Inuit Art Reading Room 1

Lavishly illustrated with more than 100 color photographs, Celebrating Inuit Art 1948-1970 is an impressive tribute to an art form that was virtually unknown fifty years ago and is now regularly featured in major art exhibitions worldwide.

The works of art in this book are organized by geographic area, to illustrate the strong regional styles of this unique art form. In Nunavik, narrative is emphasized, whereas the works of Baffin artists stress the beauty of the richly textured local stone. In Keewatin, the sculptures look pre-historic yet modern, while the work of the Kitikmeot is distinguished by its shamanic whalebone carvings. Quotes, reminiscences and historic snapshots provide introductions to individual Northern communities.

In a major and invaluable essay, James Houston, a tireless and passionate champion and respected authority on Inuit art, recounts his experiences and observations of fifty years with the Inuit people.

The stunning photos, taken by Museum photographer Harry Foster, illustrate major pieces from the Canadian Museum of Civilization as well as treasures from James Houston's personal collection.


The collection of Inuit art held by the Winnipeg Art Gallery is internationally renowned for its geographic range, diverse media, and size. The WAG celebrates its 100th anniversary in 2012-13, and this book captures the excitement of the Gallery's major 2012 exhibition. Creation and Transformation describes the genesis and evolution of contemporary Inuit art from 1949 to the present day, from carvers in the 1950s to today’s graphic artists.


Inuit art, both ancient and contemporary, has inspired the interest of scholars, collectors and art lovers around the globe. This book examines Inuit art from prehistory to the present with special attention to methodology and aesthetics, exploring the ways in which it has been influenced by and has influenced non-Inuit artists and scholars. Part One gives the history of the main art-producing prehistoric traditions in the North American arctic, concentrating on the Dorset who once flourished in the Canadian region. It also demonstrates the influence of theories such as evolutionism, diffusionism, ethnographic comparison, and shamanism on the interpretation of prehistoric Inuit art.

Part Two demonstrates the influence of such popular theories as nationalism, primitivism, modernism, and postmodernism on the aesthetics and representation of twentieth-century Canadian Inuit art. This discussion is supported by interviews conducted with Inuit artists. A final chapter shows the presence of Inuit art in the mainstream multi-cultural environment, with a discussion of its influence on Canadian artist Nicola Wojewoda. The work also presents various Inuit artists' reactions to Wojewoda's work.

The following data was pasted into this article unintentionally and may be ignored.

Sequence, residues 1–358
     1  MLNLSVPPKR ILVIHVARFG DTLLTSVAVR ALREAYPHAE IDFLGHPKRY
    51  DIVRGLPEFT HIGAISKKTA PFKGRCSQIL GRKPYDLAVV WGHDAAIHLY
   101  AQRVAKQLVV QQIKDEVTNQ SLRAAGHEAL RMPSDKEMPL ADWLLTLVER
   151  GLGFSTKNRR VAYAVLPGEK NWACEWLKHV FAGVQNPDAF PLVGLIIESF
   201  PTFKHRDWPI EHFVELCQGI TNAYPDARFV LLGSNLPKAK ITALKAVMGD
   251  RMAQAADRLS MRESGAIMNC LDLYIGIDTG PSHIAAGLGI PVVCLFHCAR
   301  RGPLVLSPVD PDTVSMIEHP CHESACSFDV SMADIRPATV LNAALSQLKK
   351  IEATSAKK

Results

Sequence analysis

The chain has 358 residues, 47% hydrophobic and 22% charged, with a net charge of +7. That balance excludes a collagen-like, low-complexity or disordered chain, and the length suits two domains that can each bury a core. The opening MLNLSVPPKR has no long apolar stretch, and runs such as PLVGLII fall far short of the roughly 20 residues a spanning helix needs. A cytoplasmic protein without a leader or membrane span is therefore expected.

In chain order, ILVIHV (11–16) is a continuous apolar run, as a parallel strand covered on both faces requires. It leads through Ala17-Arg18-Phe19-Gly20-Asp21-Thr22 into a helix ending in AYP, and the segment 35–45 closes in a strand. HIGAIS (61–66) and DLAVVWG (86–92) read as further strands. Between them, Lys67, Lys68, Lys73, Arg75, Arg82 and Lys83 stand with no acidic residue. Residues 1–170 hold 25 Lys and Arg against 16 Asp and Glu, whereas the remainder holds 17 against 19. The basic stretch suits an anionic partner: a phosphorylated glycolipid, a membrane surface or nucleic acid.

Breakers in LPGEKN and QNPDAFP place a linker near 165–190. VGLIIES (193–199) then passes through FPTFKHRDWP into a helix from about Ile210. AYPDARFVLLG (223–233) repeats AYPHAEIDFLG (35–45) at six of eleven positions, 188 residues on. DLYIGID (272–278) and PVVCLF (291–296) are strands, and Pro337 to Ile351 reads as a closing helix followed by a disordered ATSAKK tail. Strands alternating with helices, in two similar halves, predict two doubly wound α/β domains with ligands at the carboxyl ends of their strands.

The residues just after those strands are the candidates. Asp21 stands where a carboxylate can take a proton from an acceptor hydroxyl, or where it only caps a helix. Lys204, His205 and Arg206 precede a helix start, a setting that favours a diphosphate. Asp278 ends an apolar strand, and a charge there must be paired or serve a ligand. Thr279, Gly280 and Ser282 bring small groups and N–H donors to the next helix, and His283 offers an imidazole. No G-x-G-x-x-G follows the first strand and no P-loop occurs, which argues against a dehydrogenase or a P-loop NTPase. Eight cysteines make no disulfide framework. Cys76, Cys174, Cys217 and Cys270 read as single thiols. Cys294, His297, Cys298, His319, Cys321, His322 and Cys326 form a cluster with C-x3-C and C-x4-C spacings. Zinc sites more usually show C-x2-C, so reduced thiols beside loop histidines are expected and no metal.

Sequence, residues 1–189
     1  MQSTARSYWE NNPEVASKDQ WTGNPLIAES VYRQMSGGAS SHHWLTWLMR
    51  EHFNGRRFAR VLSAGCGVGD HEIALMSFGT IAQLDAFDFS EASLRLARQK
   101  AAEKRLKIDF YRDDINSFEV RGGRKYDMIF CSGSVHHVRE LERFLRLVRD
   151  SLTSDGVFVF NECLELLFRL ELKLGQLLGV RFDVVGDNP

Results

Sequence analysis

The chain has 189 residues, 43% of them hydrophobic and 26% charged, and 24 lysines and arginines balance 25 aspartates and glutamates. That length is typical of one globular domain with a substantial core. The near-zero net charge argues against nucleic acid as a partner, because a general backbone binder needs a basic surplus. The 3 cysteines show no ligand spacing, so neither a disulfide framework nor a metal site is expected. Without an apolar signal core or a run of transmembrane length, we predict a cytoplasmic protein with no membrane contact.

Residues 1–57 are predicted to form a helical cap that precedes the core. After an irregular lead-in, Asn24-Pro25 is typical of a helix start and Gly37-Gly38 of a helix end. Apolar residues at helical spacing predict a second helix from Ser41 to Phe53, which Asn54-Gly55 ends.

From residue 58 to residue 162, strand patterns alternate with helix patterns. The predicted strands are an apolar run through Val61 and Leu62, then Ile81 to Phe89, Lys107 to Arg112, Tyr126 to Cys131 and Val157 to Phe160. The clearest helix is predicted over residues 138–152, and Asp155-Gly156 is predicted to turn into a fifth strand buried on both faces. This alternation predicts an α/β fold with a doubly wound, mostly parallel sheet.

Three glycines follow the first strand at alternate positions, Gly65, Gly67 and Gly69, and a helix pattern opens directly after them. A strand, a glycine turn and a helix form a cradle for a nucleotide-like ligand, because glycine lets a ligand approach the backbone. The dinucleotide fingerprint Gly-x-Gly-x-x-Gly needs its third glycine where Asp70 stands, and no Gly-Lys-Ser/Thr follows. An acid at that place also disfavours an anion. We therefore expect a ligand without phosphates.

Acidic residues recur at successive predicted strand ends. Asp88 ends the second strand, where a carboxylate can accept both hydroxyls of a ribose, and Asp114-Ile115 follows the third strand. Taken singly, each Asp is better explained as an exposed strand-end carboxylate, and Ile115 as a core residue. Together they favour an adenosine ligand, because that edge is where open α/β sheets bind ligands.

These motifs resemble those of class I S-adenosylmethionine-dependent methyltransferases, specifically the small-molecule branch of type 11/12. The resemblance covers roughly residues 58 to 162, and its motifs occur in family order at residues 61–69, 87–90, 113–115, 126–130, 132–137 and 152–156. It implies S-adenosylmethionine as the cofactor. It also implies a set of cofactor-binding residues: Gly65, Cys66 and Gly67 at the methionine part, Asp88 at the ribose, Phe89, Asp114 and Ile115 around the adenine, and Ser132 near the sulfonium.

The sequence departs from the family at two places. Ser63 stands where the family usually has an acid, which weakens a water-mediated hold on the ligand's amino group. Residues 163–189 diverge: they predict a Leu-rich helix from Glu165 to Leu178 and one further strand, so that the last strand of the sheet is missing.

Format: MINI Wall Calendar Size: 7" x 7" Publisher: Pomegranate About 1,200 miles north of Toronto, the community of Cape Dorset is home to a multigenerational community of gifted graphic artists. Their cooperatively owned printmaking studios have been in continuous operation since 1959, producing unique, captivating, and powerful images. Twelve of these exciting Inuit prints adorn this mini calendar's colorful pages.

The Inuit are a familiar part of Canadian identity but also exotic residing in the remote Arctic. The mix of the familiar and the exotic has resulted in the creation and perpetuation of a number of "White Lies." These are stories that have been developed over long periods of time, reproduced in classrooms, anthropology and sociology textbooks, and other media, but have been rarely challenged, contributing to misunderstandings that have ultimately, in subtle ways, diminished the stature of Inuit traditional culture.

In this lively book, designed specifically for introductory students, Steckley unpacks three "White Lies"?the myth that there are fifty-two words for snow, that there are blond, blue-eyed Inuit descended from the Vikings, and that the Inuit send off their elders to die on ice floes. Debunking these popular myths allows him to illustrate how knowledge is shaped by Western social science, particularly the anthropology of the "Other," and that it can be flawed. In the process, students learn not only about Inuit culture, but about the difference between popular and scholarly research.


As regards their development when they first became known to modern Europeans, the Eskimo may be classed with the prehistoric races of the age of the ground stone tools with the exceptional use of metals. It has been usual to designate all nations of this kind as "savages;" some authors have even described them as being totally destitute of those mental qualities through which any kind of culture is manifested, such as social order, laws, sciences, arts, and even religion. That those opinions find utterance can scarcely be wondered at when we observe the carelessness with which such important questions are discussed, and see travellers who merely go on shore from a ship and spend a couple of hours with the inhabitants proceed to make inquiries as to their ideas of God and the origin of the world; and also how European settlers among natives whose language they are quite unconversant with pretend to have found them altogether without religion.

249 pages.

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